[Bloat] UnderBloat on fiber and wisps

Dave Taht dave.taht at gmail.com
Mon Mar 13 12:04:01 EDT 2023

On Mon, Mar 13, 2023 at 8:08 AM Jeremy Austin via Rpm
<rpm at lists.bufferbloat.net> wrote:
> On Mon, Mar 13, 2023 at 3:02 AM Sebastian Moeller via Starlink <starlink at lists.bufferbloat.net> wrote:
>> Hi Dan,
>> > On Jan 9, 2023, at 20:56, dan via Rpm <rpm at lists.bufferbloat.net> wrote:
>> >
>> >  You don't need to generate the traffic on a link to measure how
>> > much traffic a link can handle.
>>         [SM] OK, I will bite, how do you measure achievable throughput without actually generating it? Packet-pair techniques are notoriously imprecise and have funny failure modes.
> I am also looking forward to the full answer to this question. While one can infer when a link is saturated by mapping network topology onto latency sampling, it can have on the order of 30% error, given that there are multiple causes of increased latency beyond proximal congestion.
> A question I commonly ask network engineers or academics is "How can I accurately distinguish a constraint in supply from a reduction in demand?"

This is an insanely good point. In looking over the wisp
configurations I have to date, many are using SFQ which has a default
packet limit of 128 packets. Many are using SFQ with a *even shorter*
packet limit, which looks good on speedtests which open many flows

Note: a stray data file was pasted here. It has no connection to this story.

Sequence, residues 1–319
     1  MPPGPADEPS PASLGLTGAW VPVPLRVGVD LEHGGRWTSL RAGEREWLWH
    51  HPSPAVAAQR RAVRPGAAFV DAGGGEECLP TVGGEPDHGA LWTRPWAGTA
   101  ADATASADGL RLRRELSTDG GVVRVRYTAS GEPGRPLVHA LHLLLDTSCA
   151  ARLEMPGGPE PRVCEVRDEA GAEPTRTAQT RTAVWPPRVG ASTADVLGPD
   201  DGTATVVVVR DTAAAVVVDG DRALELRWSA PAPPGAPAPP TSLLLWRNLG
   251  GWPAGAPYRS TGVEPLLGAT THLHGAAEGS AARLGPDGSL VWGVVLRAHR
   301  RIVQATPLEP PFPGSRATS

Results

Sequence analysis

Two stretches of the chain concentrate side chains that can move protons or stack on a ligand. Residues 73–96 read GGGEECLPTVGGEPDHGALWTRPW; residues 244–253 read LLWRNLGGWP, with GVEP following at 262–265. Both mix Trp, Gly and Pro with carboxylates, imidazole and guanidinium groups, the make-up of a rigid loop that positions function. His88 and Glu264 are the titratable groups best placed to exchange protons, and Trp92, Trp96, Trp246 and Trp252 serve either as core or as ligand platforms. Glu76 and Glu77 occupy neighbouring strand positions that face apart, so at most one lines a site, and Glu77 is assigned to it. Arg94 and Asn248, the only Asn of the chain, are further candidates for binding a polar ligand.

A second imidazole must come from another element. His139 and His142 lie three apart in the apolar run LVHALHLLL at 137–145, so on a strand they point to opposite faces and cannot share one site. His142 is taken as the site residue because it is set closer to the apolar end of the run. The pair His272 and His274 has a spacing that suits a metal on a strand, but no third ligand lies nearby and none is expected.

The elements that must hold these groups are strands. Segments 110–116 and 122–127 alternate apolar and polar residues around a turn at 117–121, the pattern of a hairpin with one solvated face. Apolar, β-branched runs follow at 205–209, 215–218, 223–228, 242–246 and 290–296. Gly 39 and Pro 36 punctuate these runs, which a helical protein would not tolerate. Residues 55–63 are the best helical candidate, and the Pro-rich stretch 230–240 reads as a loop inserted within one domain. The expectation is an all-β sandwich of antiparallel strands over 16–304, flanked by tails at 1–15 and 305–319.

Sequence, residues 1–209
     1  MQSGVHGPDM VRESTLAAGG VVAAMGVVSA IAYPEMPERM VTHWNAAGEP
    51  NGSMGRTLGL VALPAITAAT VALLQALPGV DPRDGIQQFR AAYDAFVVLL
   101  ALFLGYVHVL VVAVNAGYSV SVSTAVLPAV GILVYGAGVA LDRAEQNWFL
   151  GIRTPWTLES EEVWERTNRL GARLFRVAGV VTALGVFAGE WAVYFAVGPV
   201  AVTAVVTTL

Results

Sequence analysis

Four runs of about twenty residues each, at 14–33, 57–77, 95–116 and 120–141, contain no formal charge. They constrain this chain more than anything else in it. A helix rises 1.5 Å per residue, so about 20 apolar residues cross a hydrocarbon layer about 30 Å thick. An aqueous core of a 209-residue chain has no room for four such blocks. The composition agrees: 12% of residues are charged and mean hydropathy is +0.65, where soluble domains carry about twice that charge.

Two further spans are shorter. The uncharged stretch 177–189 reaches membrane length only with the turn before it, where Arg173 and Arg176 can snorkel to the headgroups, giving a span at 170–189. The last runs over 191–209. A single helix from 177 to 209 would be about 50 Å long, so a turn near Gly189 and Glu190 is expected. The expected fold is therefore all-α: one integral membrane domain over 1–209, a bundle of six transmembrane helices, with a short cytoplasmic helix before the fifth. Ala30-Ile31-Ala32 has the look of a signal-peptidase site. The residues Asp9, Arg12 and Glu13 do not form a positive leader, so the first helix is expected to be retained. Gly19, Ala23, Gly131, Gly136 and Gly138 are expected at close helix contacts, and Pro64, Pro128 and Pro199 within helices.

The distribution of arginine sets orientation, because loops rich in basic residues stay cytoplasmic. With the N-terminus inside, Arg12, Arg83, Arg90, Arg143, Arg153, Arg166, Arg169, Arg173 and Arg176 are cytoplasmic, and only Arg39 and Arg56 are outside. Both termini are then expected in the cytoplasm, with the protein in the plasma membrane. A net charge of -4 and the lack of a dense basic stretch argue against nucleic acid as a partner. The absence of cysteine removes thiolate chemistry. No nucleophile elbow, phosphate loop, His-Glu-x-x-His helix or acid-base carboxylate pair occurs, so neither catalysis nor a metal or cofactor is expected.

(keown's sqrt(flows) for bdp), but is *lousy* for allowing a single
flow to achieve full rate (the more common case for end-user QoE).

I have in general tried to get mikrotik folk at least, to switch away
from fifos, red, and sfq to wards fq_codel or cake at the defaults
(good to 10Gbit) in part, due to this.

I think SFQ 128 really starts tapping out on most networks at around
the 200Mbit level, and above 400, really, really does not have enough
queue, so the net result is that wisps attempting to provide higher
levels of service are not actually providing it in the real world, an
accidental constraint in supply.

I have a blog piece, long in draft, called  "underbloat", talking to
this. Also I have no seen multiple fiber installs that had had a
reasonable 50ms FIFO buffer for 100Mbit, but when upgraded to 1gbit,
left it at 5ms, which has bad sideffects for all traffic.

To me it looks also that at least some ubnt radios are FQd and underbuffered.

> --
> --
> Jeremy Austin
> Sr. Product Manager
> Preseem | Aterlo Networks
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Come Heckle Mar 6-9 at: https://www.understandinglatency.com/
Dave Täht CEO, TekLibre, LLC

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